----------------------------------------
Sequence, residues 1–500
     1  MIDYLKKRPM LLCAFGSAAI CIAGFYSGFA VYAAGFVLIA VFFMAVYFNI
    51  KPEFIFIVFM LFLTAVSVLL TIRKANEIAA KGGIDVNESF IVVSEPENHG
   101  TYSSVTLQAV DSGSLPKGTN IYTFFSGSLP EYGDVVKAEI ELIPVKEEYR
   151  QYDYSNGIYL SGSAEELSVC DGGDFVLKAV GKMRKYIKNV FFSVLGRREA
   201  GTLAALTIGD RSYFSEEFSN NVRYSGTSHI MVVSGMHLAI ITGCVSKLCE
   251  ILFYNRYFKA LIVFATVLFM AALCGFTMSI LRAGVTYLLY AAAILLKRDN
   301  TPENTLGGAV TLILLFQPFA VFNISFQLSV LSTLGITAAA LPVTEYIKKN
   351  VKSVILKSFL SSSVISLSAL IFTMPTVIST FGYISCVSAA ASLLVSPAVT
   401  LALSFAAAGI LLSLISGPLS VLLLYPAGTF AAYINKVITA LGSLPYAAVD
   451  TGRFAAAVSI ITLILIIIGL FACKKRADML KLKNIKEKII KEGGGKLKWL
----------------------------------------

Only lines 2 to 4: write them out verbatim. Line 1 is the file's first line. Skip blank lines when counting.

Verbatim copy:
     1  MIDYLKKRPM LLCAFGSAAI CIAGFYSGFA VYAAGFVLIA VFFMAVYFNI
    51  KPEFIFIVFM LFLTAVSVLL TIRKANEIAA KGGIDVNESF IVVSEPENHG
   101  TYSSVTLQAV DSGSLPKGTN IYTFFSGSLP EYGDVVKAEI ELIPVKEEYR